The climate challenge

If we let the planet warm, civilisation will no longer remain as we know it today

Published - June 21, 2020 12:32 am IST

Climate change is an immediate and present danger that threatens the very existence of our civilisation. Violent hurricanes, frequent floods and prolonged droughts as well as increasingly threatening wildfires have put the world population at a grave risk. Fossil fuels accounts for two-thirds of global carbon emissions that have resulted in a dramatic rise in the concentrations of carbon dioxide in the atmosphere that is much more than nature can absorb. Carbon dioxide traps heat to raise temperature of air and water. Sea levels rise as water expands, heat melts the Arctic ice more than the rate at which the ice accumulates, releasing germs that were previously extinct. We are facing the most profound and dangerous physical changes in human history that threatens to upend life as we know it. The environment is a concern for everyone in society.

I had the privilege of working as a power engineer in different power plants all over the world, scaling up to 600 MW units, until my retirement. I completed the last 13 years of my professional career working for the World Bank where I was involved in the financing, implementation and supervision of various power projects in India, Bangladesh, Indonesia, the Philippines, China and Mongolia.

The dynamics of power generation technology has undergone a sea change over the years. Alternative, viable technologies are being applied to move away from the unmitigated emission of toxic fumes and particulates by coal-fired power plants that has resulted in wild swings in the climate all the over world besides causing numerous health problems. A fundamental shift in the livelihood of people including demographic reorientation precipitated by climate change is an unmitigated threat that can no longer be ignored. Climate change has thus become a grave issue today, specifically in the field of power generation.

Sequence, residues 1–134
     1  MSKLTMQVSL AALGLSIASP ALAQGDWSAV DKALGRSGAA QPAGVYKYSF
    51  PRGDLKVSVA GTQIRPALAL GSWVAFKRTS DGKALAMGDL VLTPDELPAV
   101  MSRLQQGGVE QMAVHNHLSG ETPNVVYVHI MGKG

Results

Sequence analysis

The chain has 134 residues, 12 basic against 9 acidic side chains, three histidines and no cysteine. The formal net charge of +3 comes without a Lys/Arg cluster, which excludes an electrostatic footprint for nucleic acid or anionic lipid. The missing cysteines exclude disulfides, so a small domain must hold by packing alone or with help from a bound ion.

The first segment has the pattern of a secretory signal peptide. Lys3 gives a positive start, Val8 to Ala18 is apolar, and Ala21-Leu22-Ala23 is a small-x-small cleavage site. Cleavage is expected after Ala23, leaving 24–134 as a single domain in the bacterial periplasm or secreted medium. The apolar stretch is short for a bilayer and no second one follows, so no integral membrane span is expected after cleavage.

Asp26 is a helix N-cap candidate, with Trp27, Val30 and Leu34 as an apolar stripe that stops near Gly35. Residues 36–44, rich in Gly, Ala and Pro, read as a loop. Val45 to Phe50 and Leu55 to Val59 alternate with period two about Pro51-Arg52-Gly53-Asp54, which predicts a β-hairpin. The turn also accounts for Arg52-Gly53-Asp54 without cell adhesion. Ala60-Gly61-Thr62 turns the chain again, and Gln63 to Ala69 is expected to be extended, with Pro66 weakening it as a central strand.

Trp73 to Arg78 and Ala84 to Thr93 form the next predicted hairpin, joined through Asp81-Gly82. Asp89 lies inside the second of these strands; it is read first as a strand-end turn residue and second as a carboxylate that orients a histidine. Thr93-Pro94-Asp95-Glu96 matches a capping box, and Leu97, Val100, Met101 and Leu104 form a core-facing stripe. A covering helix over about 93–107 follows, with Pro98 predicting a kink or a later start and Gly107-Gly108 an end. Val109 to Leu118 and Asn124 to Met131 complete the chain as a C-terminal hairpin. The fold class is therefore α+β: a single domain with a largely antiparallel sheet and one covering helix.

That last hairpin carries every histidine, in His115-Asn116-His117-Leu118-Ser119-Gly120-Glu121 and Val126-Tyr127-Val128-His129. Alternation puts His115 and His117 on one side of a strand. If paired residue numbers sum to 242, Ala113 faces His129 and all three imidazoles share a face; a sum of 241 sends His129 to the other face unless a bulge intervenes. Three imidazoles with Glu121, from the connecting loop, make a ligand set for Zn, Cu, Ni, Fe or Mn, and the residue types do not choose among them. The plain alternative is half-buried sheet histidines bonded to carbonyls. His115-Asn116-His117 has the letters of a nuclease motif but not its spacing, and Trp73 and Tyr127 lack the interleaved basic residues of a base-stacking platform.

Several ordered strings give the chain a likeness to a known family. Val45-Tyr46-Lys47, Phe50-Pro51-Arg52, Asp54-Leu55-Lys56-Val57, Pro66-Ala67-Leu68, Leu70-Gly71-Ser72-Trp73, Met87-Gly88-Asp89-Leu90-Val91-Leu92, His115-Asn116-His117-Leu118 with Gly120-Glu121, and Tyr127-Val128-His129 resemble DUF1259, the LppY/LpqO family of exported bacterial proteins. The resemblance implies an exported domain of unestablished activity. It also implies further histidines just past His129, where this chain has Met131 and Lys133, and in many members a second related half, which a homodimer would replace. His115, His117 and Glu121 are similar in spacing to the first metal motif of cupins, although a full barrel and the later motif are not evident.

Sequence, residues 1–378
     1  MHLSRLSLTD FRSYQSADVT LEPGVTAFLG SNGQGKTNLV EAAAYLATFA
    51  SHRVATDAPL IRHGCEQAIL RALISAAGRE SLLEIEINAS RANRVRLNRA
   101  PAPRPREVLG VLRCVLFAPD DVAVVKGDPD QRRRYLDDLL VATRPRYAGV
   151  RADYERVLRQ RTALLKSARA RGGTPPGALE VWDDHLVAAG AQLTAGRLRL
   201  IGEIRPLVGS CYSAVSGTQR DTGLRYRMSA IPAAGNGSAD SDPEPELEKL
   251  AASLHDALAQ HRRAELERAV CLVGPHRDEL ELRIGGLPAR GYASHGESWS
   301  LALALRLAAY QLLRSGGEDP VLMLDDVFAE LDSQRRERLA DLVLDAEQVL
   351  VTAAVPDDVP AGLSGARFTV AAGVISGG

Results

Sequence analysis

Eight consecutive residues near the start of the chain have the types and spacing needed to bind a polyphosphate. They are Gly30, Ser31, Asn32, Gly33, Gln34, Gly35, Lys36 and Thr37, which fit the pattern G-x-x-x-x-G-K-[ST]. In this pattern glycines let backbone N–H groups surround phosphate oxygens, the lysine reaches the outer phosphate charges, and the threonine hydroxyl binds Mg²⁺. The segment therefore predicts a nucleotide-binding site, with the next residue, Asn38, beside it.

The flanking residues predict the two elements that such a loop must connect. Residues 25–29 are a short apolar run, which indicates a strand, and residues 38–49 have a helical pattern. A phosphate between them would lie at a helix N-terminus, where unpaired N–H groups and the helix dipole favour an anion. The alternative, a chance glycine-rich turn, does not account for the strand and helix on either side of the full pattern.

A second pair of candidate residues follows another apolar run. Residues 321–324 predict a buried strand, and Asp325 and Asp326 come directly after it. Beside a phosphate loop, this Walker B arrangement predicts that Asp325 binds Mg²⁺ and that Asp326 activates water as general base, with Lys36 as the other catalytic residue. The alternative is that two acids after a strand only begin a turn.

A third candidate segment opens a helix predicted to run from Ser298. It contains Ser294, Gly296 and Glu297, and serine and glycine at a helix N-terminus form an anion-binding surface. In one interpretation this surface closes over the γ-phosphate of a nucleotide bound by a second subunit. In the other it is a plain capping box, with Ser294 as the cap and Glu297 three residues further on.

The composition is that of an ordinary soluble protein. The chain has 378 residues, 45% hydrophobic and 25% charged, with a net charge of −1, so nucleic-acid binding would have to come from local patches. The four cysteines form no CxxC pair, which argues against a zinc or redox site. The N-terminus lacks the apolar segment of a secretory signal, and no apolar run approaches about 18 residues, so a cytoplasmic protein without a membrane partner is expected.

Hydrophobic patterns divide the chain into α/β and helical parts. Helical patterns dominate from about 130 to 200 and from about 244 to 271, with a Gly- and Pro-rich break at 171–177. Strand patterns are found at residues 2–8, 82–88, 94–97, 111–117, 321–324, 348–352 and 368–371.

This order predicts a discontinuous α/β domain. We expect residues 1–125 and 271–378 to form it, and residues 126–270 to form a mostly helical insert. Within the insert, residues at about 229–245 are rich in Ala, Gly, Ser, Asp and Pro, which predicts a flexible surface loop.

Plainly speaking, the absolute present requirement is that the carbon footprint of industries must be reduced drastically to achieve a carbon-neutral environment so that the world climate influencing human existence as well as plant and wildlife, has a chance to recover. To that end, fossil fuels such as coal, oil and natural gas need to be phased out.

That power plants using fossil fuel are a major source of climate change was given a blind eye in earlier years because to maintain the momentum of economic growth, industrialised nations kept on building more and more power sources using fossil fuel, while developing countries had the urgent need to build the necessary infrastructure to accelerate fast industrialisation to grow their economy. Easy financing was available from lending institutions such as the World Bank and other financial institutions so that developing countries could increase power generation to support their industries. All that early euphoria has now been replaced by the stark realisation that something must be done pretty fast to save the world from utter destruction. Sea levels are rising fast at an alarming rate. One study reveals that humanity is now spewing more than 110 million tonnes of pollution into the atmosphere every day as if it were an open sewer. Power generation technology has thus assumed a major role to play in the effort to reverse that trend. This is the time for innovation. Alternative, viable technologies must be developed to replace fossil fuel. Preferred technologies today are renewable energy that include solar, wind power, hydro power, nuclear and geothermal.